Where are my keys? Put away your shoes! Who left this bag here? What happened to the electricity bill? I need to find my library books! – if these exclamations are a regular part of the day at your house, then maybe you need a family command centre. Here’s how to drag yourself out from under the clutter and get started.
Permission notes, library books, birthday party invitations, home readers, homework folders, canteen lists, drink bottles, school hats, backpacks – with children comes mess. And also, lots and lots of paperwork, in my experience! In fact, there seems almost no end to the things that the kids are bringing into my house on a daily basis.
Sometimes I feel like I’m drowning under the weight of their combined stuff, along with all the regular bits and pieces of household life – shopping lists, mail, bags, calendars.
Unless you have trained your family very, very well – chances are that they will dump everything on the first flat surface inside the front door. Don’t worry, you’re not alone. But if looking at the debris of family life strewn from the front door all the way through the house makes you feel overwhelmed, then you need a system.
What makes a good family organisation system?
1. A good system is one that people will use
It may seem obvious, but there’s no point having a system that nobody uses. If you have already decreed that everyone needs to take their backpack the whole way across the house to their room and STOP LEAVING IT INSIDE THE FRONT DOOR – but nobody is doing that – then your system isn’t working and needs a shake-up.
Pinpoint the natural patterns of movement in your house and work with them. Where are your family already inclined to put things? Why do they put them there? Every family evolves ways of doing things and you’ll have the most success if you work with them rather than against them.
2. A good system is realistic
There’s no point expecting a three-year-old to put their bag on a high shelf – but he can hang it from a low hook. If your child can’t read, even the prettiest decal with family chores written on it will not help her get organised every morning. Keep things that you want the kids to use themselves down low!
Start small and build on your system as everyone gets used to it.
3. A good system changes as your family’s needs change
Older children will bring home more permission notes and fewer artworks. Managing extra-curricular activities for a number of children might mean you need a calendar to keep track of who needs to be where and when. Make a list of what the most pressing organisational issues are in your house RIGHT NOW.
Perhaps you need a spot for library books and library bags. Perhaps you need a pinboard for permission notes and party invitations. Maybe you want all the devices to charge (and be locked away) in the one spot. Start with whatever’s at the top of your list and work your way down.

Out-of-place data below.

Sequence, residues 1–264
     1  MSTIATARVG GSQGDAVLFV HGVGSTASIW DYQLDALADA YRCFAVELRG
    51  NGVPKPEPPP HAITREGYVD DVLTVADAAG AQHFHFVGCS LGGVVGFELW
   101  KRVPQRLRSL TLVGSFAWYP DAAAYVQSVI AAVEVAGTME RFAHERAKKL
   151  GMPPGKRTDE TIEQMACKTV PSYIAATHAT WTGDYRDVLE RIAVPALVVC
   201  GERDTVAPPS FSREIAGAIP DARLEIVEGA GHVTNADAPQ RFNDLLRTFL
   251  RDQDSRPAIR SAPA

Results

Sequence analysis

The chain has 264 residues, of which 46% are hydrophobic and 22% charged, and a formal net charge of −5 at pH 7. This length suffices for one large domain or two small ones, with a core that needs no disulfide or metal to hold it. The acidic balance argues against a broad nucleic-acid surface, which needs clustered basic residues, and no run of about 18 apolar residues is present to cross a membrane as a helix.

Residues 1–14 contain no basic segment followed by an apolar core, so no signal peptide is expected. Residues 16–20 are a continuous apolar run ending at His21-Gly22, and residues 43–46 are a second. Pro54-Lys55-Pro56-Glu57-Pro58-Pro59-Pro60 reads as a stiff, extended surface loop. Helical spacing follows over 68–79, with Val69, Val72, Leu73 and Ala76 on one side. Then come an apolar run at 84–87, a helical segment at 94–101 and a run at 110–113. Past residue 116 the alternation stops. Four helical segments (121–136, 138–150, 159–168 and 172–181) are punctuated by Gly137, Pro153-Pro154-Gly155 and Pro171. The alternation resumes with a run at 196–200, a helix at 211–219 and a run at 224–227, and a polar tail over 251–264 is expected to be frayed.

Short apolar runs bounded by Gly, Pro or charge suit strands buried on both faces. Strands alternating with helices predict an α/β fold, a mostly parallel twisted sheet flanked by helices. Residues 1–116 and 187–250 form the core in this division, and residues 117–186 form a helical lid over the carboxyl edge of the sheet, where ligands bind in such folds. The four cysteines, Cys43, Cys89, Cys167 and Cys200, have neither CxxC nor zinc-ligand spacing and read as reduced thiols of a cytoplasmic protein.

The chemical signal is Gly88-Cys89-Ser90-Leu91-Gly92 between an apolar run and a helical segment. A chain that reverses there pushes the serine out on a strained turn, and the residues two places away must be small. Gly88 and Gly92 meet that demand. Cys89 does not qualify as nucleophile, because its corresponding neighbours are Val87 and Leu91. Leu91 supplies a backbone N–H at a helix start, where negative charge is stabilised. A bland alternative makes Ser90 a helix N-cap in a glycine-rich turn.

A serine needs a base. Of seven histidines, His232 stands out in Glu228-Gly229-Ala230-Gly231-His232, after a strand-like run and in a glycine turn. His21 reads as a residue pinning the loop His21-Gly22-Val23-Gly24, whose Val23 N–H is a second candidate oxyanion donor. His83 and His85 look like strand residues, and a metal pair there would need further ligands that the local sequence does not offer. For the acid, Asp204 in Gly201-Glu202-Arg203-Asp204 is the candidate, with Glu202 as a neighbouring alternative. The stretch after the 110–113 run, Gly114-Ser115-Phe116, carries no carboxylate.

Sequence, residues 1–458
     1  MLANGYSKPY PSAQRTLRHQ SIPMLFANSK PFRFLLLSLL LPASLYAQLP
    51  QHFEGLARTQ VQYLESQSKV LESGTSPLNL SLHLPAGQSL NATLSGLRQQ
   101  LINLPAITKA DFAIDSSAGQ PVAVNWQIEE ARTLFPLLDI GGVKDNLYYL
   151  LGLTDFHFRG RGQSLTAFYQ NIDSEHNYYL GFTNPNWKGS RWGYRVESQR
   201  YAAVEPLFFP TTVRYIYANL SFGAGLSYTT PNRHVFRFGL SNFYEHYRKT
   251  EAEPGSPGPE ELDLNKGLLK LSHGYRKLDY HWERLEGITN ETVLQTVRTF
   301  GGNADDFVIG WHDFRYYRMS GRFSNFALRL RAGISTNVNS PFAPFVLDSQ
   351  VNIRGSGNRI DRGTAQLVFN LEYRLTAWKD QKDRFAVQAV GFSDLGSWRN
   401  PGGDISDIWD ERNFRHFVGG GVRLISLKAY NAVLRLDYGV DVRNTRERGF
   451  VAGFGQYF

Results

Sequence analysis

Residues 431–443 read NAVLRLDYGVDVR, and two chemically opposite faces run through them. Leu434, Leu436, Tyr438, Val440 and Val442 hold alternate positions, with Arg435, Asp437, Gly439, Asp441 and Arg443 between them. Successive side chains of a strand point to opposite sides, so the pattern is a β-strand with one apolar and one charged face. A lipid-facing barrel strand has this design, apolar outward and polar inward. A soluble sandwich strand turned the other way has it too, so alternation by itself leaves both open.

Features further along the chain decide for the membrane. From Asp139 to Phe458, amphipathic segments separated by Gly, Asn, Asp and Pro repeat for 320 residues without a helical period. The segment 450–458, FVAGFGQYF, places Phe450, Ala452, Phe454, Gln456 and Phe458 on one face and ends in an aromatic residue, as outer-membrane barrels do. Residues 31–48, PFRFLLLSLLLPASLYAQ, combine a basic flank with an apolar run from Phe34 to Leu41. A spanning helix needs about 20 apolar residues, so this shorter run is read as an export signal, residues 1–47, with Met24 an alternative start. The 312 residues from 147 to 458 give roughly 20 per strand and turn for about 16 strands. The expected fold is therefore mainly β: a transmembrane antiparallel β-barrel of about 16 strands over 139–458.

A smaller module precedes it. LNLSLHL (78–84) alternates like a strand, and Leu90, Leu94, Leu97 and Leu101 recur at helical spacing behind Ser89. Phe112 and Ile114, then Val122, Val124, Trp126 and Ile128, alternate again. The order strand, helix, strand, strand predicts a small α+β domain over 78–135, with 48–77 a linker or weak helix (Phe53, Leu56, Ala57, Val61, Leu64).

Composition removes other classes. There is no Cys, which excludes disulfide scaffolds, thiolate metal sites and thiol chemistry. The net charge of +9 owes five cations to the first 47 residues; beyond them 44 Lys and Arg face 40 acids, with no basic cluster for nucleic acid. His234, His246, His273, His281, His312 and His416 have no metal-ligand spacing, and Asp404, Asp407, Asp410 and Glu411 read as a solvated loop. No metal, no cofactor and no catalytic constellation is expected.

4. A good system is one that everyone feels ownership over
Ask your family for their input, rather than imposing the system on them. Most people (even quite young children) would prefer to know where their things are and not feel the pressure every day of trying to deal with chaos to get out of the house.
Their priorities may be different to yours and you might be surprised at what they’d like to include. But they may have great ideas you would never have thought of too.
What should your command centre include?
How long is a piece of string? The answer will be different for everyone and depend on how many of you there are, how old your kids are, how much space you have and how much money you want to spend on it. Don’t have much cash for a project like this? Don’t worry – you’ll be amazed at the useful things you can find at cheap places like IKEA, Bunnings and Officeworks. Also – shop your house. Go for a wander around the house and find things you could repurpose from their current homes to use in your new command centre.
You might want to consider:
- blackboards or blackboard paint
- magnetic boards or whiteboards
- small shelves
- cube style shelving or bookcases
- wall hooks
- mail holders that fasten to the wall
- hanging rails – and hooks and containers to hang from them (useful for holding pens and chalk)
- floor baskets
- a clock
A word of caution!
Planning an organisational centre like this can be a bit addictive! Before you fall down the rabbit hole of Pinterest or Etsy and spend your life savings on cute pegs, make sure your system works for your family. Like any new habit, it will take time for the kids to learn to hang their bag on that hook without being reminded. It will even take time for you (or your partner) to put the mail in the designated spot without thinking. Wait until you know what works and what doesn’t before investing money making it pretty. Otherwise you’ll feel pressure to persevere with a system that doesn’t work because you’ve spent money on it – and you’ll be no better off than you started.
Do you already have an organisational system you love? Show us a picture! Why does it work so well?
(top image via Pottery Barn)